Equal Pay for Equal Work - California's Fair Pay Act Explained

In 2015, California Governor Jerry Brown signed the California Fair Pay Act, which went into effect on January 1, 2016.  The Fair Pay Act amends California’s Equal Pay Act, to strengthen the protections available in the Act, which prohibit gender based wage inequality.  It is now the toughest equal pay law in the nation.

The most significant aspect of the Fair Pay Act is that it lowers the standard for comparing wages in order to establish gender based discrimination, by requiring that employers provide equal pay to male and female employees for “substantially similar work, when viewed as a composite of skill, effort, and responsibility” performed under similar working conditions.

For an employer to successfully defend against a claim of unequal pay under the Fair Pay Act, the employer must prove that the pay differential is based on one of four factors: (1) a seniority system; (2) a merit system; (3) a system that measures earnings by quantity or quality of production; or (4) a bona fide factor other than sex, such as education, training, or experience. The Fair Pay Act also requires the employer to demonstrate that each factor relied upon is applied reasonably, and that the one or more factors relied upon account for the entire differential.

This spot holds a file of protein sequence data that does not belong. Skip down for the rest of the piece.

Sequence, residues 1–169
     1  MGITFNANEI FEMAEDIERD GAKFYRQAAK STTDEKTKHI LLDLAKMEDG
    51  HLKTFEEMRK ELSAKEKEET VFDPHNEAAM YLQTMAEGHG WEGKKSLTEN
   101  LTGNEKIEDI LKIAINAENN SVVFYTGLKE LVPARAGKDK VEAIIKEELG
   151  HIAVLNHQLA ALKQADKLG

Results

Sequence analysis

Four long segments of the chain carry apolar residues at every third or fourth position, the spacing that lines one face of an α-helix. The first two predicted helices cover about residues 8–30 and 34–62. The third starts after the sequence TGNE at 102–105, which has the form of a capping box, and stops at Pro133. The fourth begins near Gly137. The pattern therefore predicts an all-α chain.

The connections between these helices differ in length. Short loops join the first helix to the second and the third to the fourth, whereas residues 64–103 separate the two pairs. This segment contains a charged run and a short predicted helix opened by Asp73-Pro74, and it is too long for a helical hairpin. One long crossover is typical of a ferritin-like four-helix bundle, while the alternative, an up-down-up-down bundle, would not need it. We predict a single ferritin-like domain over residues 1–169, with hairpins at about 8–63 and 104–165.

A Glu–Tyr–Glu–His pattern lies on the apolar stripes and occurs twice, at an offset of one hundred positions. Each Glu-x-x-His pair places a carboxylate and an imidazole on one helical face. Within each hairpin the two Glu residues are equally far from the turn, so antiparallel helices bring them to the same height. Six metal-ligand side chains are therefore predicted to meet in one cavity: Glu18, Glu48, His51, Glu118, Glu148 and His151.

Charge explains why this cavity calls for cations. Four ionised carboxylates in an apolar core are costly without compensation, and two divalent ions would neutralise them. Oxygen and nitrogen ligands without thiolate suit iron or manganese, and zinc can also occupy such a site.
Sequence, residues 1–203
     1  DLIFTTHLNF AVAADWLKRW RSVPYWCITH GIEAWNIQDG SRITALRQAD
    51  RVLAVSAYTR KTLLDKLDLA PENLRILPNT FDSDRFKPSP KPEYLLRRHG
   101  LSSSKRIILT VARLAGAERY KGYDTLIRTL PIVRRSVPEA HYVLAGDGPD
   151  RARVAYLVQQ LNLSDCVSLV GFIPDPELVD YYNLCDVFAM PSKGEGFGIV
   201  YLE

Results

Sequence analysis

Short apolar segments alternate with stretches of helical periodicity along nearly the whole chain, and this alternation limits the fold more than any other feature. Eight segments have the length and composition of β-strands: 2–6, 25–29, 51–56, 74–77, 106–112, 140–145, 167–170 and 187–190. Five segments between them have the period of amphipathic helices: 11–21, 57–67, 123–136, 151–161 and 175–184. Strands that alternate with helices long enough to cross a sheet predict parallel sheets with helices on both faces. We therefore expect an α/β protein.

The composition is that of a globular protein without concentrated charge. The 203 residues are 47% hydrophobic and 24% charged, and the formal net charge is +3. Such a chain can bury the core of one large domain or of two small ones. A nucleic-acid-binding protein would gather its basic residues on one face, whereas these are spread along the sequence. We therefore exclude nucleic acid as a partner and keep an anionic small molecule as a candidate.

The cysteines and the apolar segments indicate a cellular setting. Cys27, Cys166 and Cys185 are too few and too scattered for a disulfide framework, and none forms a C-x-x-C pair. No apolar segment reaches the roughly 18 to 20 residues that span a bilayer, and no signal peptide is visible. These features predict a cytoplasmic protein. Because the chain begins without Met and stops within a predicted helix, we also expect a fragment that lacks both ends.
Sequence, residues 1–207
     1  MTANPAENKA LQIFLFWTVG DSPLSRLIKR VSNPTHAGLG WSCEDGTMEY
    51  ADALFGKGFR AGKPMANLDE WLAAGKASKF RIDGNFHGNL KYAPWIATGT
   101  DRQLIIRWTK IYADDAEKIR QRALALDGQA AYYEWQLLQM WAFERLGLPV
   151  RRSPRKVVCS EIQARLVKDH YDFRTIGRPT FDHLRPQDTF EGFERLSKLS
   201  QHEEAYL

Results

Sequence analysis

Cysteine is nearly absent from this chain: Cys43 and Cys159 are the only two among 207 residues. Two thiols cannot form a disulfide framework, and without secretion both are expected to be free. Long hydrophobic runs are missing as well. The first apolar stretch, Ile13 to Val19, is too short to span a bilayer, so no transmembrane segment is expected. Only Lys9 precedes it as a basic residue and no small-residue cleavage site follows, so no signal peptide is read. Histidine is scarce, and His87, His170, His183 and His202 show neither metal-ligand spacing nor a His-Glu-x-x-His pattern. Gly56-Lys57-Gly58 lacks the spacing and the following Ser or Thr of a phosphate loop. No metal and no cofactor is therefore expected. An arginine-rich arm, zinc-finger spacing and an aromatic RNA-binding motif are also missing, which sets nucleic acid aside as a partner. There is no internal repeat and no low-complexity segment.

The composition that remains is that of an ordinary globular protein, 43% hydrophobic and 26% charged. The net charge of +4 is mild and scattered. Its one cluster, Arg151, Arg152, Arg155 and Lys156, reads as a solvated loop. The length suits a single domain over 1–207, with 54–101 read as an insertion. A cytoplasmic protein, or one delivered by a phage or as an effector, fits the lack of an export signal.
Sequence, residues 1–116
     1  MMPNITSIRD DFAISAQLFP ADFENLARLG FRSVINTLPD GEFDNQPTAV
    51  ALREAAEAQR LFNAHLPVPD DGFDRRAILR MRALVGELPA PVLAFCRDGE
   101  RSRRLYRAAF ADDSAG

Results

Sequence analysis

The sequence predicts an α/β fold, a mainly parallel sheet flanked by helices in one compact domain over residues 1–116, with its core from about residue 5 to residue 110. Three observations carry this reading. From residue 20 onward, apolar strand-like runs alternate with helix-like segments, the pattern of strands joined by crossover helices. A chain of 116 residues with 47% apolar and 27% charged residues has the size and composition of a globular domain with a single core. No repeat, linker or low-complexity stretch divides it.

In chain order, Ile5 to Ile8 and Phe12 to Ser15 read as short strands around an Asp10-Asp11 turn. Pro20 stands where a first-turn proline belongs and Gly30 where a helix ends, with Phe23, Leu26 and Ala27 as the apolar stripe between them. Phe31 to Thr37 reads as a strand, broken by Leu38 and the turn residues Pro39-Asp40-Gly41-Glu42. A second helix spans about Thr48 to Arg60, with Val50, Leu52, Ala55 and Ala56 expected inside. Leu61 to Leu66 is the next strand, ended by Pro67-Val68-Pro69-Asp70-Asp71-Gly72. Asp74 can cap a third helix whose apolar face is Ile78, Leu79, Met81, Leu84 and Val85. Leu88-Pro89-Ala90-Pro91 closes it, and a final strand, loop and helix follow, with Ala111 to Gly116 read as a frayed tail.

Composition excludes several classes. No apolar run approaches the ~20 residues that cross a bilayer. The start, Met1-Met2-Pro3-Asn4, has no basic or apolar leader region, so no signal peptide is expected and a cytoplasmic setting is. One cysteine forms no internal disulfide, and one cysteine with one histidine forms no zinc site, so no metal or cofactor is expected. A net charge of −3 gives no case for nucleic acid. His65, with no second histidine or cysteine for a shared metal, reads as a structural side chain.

The Fair Pay Act eliminates the “same establishment” requirement so that employers must now pay men and women the same regardless of their workplace location, assuming the employer has multiple work sites located in different areas.

Under the new law, employers must maintain employee records related to wages, wage rates, job classifications, and other terms and conditions of employment for three years.  The Act also expressly prohibits employers from discharging, discriminating or retaliating against any employee for invoking or assisting enforcement of the new law.  Available remedies to the aggrieved employee may include reinstatement and reimbursement for such discrimination or retaliation. There is a one-year statute of limitations period to bring such a claim.

The Fair Pay Act also prohibits an employer from preventing its employees from disclosing their own wages, discussing the wages of others, inquiring as to other employees’ wages (although the Act does not require the employer to disclose such information) or assisting another employee in asserting his or her rights under the Act.

Finally, the Fair Pay Act prohibits an employer from prohibiting an employee from disclosing the employee’s own wages, discussing the wages of others, inquiring about another employee’s wages, or aiding or encouraging any other employee to exercise his or her rights under these provisions.

In summary, the new Fair Pay Act makes it easier for employees to establish pay discrimination claims, and more difficult for employers to show that wage differentials are legal.  Employees who are not sure if they have been subject to a violation of the Fair Pay Act or gender-based discrimination are encouraged to contact Palay Hefelfinger APC for a consultation.